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re: Find Duplicates in an Array VIEW POST

FULL DISCUSSION
 

This was a very interesting reading indeed!

I wanted to do my own flavor of your experiment by throwing a couple of extra tests and then ran it 1000 times to get some data.

The extra tests I added were using reduce instead of a for loop, using objects instead of Maps, and finally caching the for loop values (current index, array length).

In the end, the best option was to use a for loop with cached values, and an object instead of a Map.

Edit:

Comment updated and code removed because it had some basic errors. See the comments below for the updated code and results.

 

Here's another version of findMapForReduce as a one-liner that's still very readable:

const findMapForReduce = (data) => data.reduce(
  ([ seen, repeated ], element) => seen.has(element)
      ? [ seen, repeated.set(element, true) ]
      : [ seen.set(element, true), repeated ], 
  [ new Map(), new Map() ]
)[1].keys()

 

Qudos for posting your code so that others can see what you did. And critique it :-). I would have liked a copy of the workbench.js used in the original post.

Anyway, you should really output the results to an array and check they all give the same (correct) answer.

For example, your findObjectFor findObjectForCached and findObjectReduce have a simple bug in them that means they give the wrong answer and artificially makes them appear faster than they really are (the seen[item] test never passes).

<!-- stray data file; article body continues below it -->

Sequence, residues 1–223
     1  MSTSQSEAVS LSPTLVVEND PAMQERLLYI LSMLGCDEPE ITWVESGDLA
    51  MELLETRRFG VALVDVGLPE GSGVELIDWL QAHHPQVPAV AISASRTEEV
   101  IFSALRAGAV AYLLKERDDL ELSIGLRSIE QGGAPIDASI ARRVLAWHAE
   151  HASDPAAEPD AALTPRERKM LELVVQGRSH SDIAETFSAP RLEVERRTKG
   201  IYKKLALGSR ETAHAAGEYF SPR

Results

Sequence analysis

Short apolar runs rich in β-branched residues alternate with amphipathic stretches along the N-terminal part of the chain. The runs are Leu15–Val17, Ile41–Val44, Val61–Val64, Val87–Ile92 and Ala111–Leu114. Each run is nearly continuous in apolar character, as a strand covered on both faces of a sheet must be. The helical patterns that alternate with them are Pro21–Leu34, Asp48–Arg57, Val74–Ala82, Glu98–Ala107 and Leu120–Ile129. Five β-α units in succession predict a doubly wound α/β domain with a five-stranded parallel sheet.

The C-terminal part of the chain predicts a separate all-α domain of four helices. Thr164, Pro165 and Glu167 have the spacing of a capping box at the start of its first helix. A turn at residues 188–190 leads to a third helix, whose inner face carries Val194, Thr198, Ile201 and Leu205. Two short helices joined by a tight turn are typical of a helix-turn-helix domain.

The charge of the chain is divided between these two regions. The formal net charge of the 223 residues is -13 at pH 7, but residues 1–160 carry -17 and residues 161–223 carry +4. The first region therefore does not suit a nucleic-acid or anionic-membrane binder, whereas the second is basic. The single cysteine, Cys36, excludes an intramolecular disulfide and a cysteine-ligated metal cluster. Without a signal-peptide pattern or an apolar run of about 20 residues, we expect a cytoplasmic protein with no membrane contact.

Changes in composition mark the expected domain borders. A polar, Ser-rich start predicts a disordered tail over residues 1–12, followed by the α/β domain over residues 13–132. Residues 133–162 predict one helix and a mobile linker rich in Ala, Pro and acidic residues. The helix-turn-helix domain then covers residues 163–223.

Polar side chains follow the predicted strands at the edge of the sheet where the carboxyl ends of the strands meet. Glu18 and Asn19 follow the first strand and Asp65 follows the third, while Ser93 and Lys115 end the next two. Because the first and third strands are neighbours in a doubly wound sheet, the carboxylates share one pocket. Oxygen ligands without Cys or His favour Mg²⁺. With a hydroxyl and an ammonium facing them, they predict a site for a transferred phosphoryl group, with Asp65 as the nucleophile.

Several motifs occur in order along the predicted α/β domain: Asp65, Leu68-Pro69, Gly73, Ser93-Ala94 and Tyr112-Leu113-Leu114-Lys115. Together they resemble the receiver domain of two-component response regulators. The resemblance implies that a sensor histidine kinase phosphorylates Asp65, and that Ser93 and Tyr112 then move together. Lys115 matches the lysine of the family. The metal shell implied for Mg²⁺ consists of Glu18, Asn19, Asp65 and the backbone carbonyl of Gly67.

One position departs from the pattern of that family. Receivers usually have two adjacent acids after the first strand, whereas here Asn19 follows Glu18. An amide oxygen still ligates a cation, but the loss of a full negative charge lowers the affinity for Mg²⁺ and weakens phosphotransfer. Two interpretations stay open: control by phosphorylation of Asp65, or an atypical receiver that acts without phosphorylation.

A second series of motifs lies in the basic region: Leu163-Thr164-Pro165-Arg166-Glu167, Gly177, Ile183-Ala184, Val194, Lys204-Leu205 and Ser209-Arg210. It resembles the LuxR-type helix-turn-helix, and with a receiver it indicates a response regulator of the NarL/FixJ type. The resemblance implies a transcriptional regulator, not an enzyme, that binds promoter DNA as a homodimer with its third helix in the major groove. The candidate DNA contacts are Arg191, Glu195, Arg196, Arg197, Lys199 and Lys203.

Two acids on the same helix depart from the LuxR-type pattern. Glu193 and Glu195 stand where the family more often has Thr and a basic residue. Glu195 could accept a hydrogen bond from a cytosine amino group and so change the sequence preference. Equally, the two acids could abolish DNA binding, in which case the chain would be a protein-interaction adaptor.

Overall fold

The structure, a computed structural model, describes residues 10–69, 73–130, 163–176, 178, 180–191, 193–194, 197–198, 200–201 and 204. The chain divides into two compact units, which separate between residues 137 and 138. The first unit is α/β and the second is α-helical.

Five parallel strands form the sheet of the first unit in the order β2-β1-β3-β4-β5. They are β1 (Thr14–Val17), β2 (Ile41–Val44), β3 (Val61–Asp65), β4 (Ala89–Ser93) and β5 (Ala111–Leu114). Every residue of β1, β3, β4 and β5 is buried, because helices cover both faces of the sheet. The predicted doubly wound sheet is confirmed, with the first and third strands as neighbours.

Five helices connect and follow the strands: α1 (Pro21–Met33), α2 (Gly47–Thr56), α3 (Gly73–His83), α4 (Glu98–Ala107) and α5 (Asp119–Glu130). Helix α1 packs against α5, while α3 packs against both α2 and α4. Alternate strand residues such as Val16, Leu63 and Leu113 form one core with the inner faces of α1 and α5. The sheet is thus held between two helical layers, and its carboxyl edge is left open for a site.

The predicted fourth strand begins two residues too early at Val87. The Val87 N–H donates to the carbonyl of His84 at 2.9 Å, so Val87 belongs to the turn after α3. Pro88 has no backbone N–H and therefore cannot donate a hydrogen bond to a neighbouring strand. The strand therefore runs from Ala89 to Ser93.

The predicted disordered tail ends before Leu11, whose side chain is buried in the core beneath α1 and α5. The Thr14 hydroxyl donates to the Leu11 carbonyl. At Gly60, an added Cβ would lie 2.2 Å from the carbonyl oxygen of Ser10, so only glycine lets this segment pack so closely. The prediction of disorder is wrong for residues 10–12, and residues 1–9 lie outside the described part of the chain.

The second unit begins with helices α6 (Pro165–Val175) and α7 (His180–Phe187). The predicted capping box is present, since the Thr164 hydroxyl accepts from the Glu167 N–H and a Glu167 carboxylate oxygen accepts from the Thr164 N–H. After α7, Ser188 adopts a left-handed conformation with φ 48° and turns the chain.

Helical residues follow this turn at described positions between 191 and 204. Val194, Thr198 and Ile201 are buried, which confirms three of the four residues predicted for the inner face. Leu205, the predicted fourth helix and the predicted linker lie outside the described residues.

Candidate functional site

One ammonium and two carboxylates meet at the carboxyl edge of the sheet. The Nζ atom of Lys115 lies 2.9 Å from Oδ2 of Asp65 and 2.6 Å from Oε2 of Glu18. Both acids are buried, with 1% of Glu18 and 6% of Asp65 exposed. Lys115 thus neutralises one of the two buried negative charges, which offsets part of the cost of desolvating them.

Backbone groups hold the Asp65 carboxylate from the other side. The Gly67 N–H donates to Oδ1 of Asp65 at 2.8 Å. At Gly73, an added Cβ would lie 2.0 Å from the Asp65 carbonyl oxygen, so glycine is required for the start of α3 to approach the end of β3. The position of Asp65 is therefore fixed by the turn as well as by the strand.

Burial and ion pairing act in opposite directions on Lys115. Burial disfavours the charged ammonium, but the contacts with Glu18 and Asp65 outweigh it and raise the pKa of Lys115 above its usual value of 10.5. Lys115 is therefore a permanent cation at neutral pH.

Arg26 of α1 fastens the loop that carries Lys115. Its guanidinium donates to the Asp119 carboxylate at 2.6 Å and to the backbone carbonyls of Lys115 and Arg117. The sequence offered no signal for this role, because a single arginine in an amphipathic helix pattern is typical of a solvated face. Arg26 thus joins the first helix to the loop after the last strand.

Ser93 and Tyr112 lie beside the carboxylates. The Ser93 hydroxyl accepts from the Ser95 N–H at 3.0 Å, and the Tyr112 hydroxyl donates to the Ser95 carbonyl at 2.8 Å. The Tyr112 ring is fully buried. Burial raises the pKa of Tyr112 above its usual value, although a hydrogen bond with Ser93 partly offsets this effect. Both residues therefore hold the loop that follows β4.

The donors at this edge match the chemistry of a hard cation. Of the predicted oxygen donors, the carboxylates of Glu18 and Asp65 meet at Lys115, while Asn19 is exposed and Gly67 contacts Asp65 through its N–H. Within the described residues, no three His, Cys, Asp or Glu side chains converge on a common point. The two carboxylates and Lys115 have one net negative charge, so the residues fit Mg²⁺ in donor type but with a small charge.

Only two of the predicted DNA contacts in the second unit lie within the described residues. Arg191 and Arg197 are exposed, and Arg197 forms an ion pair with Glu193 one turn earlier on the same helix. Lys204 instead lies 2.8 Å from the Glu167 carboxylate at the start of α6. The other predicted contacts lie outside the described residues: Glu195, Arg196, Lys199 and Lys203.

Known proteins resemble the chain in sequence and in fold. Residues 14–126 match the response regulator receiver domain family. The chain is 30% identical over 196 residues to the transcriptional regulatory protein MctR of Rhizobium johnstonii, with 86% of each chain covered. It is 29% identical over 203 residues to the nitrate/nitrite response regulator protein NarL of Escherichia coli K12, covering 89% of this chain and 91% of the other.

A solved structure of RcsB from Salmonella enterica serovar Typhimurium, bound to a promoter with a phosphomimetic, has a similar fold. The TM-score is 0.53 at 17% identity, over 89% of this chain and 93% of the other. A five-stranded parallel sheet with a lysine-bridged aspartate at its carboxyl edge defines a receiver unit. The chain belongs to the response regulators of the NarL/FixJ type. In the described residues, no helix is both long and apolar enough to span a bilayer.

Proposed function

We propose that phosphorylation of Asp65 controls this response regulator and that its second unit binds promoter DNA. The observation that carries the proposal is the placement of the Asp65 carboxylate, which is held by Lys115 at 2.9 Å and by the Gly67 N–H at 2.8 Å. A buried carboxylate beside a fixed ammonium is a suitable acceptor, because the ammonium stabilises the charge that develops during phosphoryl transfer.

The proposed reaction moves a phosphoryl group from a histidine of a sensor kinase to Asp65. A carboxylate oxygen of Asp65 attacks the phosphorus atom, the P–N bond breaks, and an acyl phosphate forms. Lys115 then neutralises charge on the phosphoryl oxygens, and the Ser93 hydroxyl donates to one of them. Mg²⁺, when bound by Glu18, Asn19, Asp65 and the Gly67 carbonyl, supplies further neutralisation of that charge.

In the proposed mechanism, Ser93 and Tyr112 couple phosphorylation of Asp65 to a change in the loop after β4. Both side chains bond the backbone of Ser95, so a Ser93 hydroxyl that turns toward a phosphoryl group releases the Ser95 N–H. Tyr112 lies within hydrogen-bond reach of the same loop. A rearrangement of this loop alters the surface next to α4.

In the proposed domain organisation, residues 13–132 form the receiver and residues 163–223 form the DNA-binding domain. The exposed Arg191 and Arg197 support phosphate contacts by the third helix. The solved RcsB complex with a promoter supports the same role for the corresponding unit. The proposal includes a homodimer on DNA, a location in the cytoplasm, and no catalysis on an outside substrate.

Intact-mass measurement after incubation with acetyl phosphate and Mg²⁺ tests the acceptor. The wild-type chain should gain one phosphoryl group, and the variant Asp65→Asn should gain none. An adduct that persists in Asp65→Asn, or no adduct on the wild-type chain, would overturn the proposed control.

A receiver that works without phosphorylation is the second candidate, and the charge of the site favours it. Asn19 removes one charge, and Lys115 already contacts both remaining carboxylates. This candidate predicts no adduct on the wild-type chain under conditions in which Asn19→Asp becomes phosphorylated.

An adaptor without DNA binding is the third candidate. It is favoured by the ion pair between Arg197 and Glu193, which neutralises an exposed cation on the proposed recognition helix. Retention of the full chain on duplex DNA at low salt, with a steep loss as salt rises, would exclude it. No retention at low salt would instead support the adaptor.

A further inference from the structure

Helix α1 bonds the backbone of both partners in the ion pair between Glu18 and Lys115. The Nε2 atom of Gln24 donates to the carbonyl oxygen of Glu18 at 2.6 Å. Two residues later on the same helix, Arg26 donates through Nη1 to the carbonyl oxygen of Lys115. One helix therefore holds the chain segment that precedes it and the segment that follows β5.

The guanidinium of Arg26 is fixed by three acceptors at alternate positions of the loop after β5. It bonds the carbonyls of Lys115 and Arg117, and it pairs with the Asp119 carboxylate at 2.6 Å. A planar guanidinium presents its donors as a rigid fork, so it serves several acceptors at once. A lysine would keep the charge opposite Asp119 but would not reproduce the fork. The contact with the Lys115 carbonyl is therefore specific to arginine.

e.g.

> findObjectForCached([1, 2, 1, 2])
[ 1, 2, 1, 2 ]

You'll need to be a little careful fixing these, as some ways of fixing it would not work correctly if the sample data includes the number 0.

Most of the functions don't behave as I would expect if something is repeated more than once, although the code in the original article has the same problem e.g.

> findArrayReduce([1, 2, 1, 2, 3, 1])
[ 1, 2, 1 ]

In a few places, there would be equivalent versions where the Maps could be replaced with Sets. The performance should be more or less the same, but I think the code would reflect intent better.

In terms of approaches rather than micro-optimisations, I have some approaches that haven't been mentioned - one that sorts and mutates the passed array and so creates very little garbage

function mutatingLowGarbage(sampleData) {
  sampleData.sort()
  let ptr = 0
  for (let i = 0, len = sampleData.length; i < len; ++i) {
    if (sampleData[i] === sampleData[i - 1] && sampleData[i] !== sampleData[i + 1]) {
      sampleData[ptr++] = sampleData[i]
    }
  }
  sampleData.length = ptr
  return sampleData
}

and here's one that uses sparse arrays and creates a count.

function findDupByCount(sampleData) {
  const counts = [], seen = []
  for (let i = 0, len = sampleData.length, value; i < len; value = sampleData[i++]) {
      if (counts[value] === undefined) {
        seen.push(value)
        counts[value] = 0
      }
      counts[value]++
  }
  // could use Object.keys(counts) here instead of keeping track of seen,
  // but that makes everything into strings!
  return seen.filter(x => counts[x] > 1)
}

Neither approach has particularly amazing performance for the scenario posted, but it's interesting to consider the different ways you can solve the problem.